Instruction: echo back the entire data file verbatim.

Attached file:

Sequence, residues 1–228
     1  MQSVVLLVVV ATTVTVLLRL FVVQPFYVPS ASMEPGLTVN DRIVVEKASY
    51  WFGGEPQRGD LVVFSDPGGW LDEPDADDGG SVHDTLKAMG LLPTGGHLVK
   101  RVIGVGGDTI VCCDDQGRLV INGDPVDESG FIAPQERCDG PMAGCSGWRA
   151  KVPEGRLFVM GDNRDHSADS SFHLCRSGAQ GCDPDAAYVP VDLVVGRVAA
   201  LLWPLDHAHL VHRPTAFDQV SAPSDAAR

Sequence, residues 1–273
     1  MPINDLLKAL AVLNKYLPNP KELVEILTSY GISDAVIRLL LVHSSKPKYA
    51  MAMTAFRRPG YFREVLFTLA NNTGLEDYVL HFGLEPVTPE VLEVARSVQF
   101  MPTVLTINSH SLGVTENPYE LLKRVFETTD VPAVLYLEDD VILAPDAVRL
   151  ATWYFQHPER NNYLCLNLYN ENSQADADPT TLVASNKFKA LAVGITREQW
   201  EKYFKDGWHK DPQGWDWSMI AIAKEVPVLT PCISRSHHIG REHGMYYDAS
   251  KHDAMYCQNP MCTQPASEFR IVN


Sequence, residues 1–228
     1  MQSVVLLVVV ATTVTVLLRL FVVQPFYVPS ASMEPGLTVN DRIVVEKASY
    51  WFGGEPQRGD LVVFSDPGGW LDEPDADDGG SVHDTLKAMG LLPTGGHLVK
   101  RVIGVGGDTI VCCDDQGRLV INGDPVDESG FIAPQERCDG PMAGCSGWRA
   151  KVPEGRLFVM GDNRDHSADS SFHLCRSGAQ GCDPDAAYVP VDLVVGRVAA
   201  LLWPLDHAHL VHRPTAFDQV SAPSDAAR

Sequence, residues 1–273
     1  MPINDLLKAL AVLNKYLPNP KELVEILTSY GISDAVIRLL LVHSSKPKYA
    51  MAMTAFRRPG YFREVLFTLA NNTGLEDYVL HFGLEPVTPE VLEVARSVQF
   101  MPTVLTINSH SLGVTENPYE LLKRVFETTD VPAVLYLEDD VILAPDAVRL
   151  ATWYFQHPER NNYLCLNLYN ENSQADADPT TLVASNKFKA LAVGITREQW
   201  EKYFKDGWHK DPQGWDWSMI AIAKEVPVLT PCISRSHHIG REHGMYYDAS
   251  KHDAMYCQNP MCTQPASEFR IVN